Most employers expect applicants to have a degree-level education, often with relevant work experience and vocational skills.

There are a range of qualifications which provide a good grounding in web design, interactive design, graphic design and internet technology. These include:

  • BTEC National Diploma in Art and Design (Multimedia), Computer Studies or IT. Applicants typically need four GCSEs/S grades (A-C/1-3) or equivalent qualifications and courses normally last two years, full time.
  • SQA National Certificate in IT. Applicants normally require four GCSEs/S grades (A-C/1-3), and courses normally last two years, full time.
  • BTEC/SQA higher national diplomas. Colleges normally ask for at least one A level/two H grades and four GCSEs/S grades (A-C/1-3), or a BTEC/SQA national certificate/diploma in a relevant subject. Courses can be full time or part time, and some colleges offer sandwich courses, with one year's work experience.
  • NVQs/SVQs are available in IT practitioner subjects, including Design at Levels 2 to 4.
  • Degrees in IT, computer science, programming, software engineering and other subjects. More specific degree subjects include web development, web design, multimedia design and web content management. Applicants usually need at least two A levels/three H grades. Degree courses usually last three or four years full time or four or five years for sandwich courses. Check with individual colleges and universities for specific entry requirements.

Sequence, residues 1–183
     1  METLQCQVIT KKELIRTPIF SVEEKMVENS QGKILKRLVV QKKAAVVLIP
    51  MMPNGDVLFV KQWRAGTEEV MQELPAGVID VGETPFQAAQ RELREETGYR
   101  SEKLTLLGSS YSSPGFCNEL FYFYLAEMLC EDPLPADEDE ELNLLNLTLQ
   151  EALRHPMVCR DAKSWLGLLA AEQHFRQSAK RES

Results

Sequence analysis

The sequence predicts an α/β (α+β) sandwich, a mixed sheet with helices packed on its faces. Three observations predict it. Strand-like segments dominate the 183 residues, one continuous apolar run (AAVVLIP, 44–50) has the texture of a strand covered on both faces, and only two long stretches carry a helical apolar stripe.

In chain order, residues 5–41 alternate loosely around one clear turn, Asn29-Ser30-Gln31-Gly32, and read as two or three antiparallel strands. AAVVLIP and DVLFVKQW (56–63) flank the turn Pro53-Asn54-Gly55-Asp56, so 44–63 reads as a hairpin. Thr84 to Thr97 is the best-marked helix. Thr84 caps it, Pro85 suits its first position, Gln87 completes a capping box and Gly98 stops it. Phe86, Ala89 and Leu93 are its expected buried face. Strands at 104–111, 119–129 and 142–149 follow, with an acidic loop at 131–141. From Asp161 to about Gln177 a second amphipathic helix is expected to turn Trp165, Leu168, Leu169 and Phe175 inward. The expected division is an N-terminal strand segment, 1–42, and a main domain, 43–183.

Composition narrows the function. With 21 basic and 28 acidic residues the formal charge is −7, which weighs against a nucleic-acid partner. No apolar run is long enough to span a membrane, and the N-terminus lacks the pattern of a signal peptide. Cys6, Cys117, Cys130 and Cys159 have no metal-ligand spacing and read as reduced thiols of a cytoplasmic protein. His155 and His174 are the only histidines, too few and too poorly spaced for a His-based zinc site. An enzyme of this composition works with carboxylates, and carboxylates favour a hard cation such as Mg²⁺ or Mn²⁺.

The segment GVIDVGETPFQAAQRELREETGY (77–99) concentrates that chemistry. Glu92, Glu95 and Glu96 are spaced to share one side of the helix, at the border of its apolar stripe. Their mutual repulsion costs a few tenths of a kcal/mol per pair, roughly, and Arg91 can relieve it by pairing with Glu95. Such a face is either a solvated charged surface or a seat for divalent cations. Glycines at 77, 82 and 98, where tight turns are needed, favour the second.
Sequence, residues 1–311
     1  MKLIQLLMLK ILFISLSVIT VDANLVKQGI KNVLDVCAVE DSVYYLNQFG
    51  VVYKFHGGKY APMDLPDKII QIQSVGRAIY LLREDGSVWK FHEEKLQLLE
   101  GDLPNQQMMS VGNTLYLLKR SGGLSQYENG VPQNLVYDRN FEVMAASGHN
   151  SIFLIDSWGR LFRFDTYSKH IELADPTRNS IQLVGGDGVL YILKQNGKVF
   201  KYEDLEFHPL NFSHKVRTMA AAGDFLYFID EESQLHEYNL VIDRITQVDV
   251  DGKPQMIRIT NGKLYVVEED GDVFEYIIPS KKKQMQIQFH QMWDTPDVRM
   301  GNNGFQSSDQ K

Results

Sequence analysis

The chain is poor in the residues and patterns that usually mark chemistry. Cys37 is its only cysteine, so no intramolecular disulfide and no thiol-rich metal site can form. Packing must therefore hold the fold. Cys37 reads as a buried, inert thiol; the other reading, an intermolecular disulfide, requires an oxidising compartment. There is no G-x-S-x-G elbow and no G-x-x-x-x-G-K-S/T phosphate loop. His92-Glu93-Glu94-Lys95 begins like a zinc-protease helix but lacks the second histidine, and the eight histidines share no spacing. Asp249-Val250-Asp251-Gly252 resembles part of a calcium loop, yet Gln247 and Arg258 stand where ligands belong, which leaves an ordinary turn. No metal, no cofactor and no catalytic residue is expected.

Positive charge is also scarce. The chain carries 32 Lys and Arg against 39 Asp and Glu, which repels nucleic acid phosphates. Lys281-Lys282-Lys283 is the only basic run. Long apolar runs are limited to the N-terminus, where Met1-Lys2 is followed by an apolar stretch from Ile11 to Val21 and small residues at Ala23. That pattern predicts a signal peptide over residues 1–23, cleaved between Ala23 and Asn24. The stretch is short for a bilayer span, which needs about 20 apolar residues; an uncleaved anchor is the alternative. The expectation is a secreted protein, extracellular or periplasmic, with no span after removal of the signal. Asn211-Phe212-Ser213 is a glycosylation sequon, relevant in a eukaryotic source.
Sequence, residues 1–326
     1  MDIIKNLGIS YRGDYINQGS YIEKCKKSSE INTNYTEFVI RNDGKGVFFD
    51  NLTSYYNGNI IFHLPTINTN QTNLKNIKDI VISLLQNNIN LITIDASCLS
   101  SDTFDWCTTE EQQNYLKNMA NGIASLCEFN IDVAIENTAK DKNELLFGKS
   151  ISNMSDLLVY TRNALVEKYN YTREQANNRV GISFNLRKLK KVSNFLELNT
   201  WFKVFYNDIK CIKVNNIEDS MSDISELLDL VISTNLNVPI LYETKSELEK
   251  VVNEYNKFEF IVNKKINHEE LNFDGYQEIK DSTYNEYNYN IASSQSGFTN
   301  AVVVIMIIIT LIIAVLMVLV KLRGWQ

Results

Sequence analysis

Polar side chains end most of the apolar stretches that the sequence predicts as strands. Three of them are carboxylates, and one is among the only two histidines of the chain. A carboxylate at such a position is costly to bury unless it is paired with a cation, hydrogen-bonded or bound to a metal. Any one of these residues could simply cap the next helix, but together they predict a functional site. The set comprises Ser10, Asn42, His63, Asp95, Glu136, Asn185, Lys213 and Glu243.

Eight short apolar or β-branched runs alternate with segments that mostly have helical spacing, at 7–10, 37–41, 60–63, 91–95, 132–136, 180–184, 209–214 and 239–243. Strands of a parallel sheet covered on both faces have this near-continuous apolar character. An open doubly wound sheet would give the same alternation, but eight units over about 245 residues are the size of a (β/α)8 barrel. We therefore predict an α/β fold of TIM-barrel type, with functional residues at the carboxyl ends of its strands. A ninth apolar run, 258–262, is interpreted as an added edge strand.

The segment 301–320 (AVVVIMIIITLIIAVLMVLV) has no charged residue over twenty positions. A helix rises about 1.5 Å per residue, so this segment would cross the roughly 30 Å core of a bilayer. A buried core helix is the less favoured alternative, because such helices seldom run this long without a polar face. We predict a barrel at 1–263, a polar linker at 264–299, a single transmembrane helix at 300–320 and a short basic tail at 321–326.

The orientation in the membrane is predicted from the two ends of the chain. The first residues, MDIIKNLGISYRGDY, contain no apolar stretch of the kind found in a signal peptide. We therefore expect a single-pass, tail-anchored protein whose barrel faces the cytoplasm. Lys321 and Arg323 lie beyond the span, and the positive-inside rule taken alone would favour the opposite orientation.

Employers consider applicants from traditional academic degree courses such as maths and physics as well as graduates of business and arts/humanities degrees who have a flair for problem solving in a logical manner.

It is sometimes possible to start in programming work and progress to become a web designer/developer. There is also an Apprenticeship in IT.

Apprenticeships which may be available in England are Young Apprenticeships, Apprenticeships and Advanced Apprenticeships. To find out which one is most appropriate log onto www.apprenticeships.org.uk or contact your local Connexions Partnership.